Buddhist communities throughout North America, as well as several abroad, are making a point of expressing their concern and positive aspirations for the future of our planet as part of Earth Care Week, October 1-7. The effort to raise awareness and stimulate activism is being organized by the newly-formed online resource site, One Earth Sangha. (Read our previous post about OES here.) Besides the variety of local events, two Buddhist teachers — James Baraz and Jack Kornfield — have issued statements that are echoing across the internet. (More, with video, after the jump.)
In “Earth Care Week: Buddhists Respond to Climate Change,” teacher and author James Baraz recalls the urgency with which many Buddhist leaders recently have been confronting climate change, and discovers optimism in the basic Buddhist notion that it is suffering itself that most often acts as the catalyst for awakening.
“We just might wake up,” Baraz says, “and realize how precious life is and how much we love this planet and all the life on it. We can discover a new way of living together where greed is not the main principle driving success, oil is not king and huge corporations run by a small group of the rich and powerful aren’t the ones who makes the rules for the rest of us.”
One of Baraz’s commenters amplifies the point, citing activist Paul Hawken’s view as to how we might abandon despair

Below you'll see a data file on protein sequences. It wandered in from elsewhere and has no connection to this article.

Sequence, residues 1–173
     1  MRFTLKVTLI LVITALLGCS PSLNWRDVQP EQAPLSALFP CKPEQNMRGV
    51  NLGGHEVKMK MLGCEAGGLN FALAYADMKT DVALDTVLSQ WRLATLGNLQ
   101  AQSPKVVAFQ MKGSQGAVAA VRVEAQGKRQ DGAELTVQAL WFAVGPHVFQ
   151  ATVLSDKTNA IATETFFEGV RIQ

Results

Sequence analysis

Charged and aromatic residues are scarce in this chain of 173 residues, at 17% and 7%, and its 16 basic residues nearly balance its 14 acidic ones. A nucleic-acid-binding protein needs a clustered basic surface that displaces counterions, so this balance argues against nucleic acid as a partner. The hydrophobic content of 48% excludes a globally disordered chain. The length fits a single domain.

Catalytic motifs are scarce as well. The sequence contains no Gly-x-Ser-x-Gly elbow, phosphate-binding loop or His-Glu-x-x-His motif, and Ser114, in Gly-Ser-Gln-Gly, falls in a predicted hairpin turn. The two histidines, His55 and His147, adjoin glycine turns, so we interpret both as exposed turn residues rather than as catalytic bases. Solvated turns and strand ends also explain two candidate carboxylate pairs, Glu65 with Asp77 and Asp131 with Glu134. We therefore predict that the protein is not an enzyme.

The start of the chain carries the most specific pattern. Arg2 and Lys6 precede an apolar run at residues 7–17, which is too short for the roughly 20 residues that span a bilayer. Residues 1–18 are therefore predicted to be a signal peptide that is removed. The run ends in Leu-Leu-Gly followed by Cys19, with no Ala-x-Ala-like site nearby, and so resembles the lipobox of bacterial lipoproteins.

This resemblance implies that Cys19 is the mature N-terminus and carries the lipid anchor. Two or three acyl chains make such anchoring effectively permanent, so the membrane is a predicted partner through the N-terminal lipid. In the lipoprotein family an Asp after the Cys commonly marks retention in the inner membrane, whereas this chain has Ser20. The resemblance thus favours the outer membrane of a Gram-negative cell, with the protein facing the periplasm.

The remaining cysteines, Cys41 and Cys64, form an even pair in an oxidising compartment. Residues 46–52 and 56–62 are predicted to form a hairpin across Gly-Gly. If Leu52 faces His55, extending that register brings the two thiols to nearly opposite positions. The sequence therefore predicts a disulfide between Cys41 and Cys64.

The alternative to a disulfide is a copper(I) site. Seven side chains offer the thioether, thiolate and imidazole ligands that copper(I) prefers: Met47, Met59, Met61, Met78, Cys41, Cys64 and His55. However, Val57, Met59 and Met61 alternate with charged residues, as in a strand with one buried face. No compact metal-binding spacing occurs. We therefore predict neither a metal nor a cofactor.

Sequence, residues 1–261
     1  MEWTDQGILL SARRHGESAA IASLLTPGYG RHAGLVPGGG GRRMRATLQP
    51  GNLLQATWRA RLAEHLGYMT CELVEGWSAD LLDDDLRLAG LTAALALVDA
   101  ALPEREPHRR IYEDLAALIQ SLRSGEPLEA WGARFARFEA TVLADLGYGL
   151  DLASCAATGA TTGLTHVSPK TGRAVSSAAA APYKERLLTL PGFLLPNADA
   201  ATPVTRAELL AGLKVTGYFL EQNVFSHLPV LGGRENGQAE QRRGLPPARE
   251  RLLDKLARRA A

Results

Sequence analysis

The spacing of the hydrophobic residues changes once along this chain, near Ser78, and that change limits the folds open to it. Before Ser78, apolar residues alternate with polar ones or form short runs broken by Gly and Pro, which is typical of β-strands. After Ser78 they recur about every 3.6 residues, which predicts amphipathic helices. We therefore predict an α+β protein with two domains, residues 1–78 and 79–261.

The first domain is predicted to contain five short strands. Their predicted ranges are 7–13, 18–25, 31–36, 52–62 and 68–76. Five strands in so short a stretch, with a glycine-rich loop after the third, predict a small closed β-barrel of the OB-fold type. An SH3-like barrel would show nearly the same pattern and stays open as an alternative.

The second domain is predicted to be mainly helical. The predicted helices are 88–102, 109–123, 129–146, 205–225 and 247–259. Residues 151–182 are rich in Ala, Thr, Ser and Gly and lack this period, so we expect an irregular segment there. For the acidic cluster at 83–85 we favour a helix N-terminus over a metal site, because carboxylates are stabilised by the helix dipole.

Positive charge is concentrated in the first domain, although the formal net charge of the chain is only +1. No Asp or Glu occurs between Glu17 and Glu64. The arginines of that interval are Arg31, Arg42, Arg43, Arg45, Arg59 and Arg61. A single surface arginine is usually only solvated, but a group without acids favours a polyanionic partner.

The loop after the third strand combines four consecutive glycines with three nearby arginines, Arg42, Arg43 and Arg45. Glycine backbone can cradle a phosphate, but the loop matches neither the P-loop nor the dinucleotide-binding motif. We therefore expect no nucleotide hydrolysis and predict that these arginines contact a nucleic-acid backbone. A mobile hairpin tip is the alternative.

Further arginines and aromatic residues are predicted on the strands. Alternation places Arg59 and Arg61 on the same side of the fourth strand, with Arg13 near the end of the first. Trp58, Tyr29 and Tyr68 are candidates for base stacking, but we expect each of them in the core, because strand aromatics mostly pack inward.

“When asked if I am pessimistic or optimistic about the future, my answer is always the same: If you look at the science about what is happening on earth and aren’t pessimistic, you don’t understand data. But if you meet the people who are working to restore this earth and the lives of the poor, and you aren’t optimistic, you haven’t got a pulse. What I see everywhere in the world are ordinary people willing to confront despair, power, and incalculable odds in order to restore some semblance of grace, justice, and beauty to this world.”
In “All the Technology in the World Will Not Stop Climate Chaos,” author and mindfulness pioneer Jack Kornfield directs our focus to the ongoing need to gain a deeper and deeper sense of the interconnectedness and interdependence of life and all that supports it. (An #earthcareweek tweet quotes John Muir: “When one tugs at a single thing in nature, he finds it attached to the rest of the world.”) Let such a sense guide your actions, he urges:
“Global climate change is real. And it can become a vast tragedy, or through our collective action — action born of interconnectedness — we can still make a huge difference. We must begin, one person at a time and one step at a time, to make changes in the way we live on this earth. Above all, we must each stop encouraging the use of dirty fossil fuels, and we must stand up for clean energy.”
See Kornfield’s video statement here: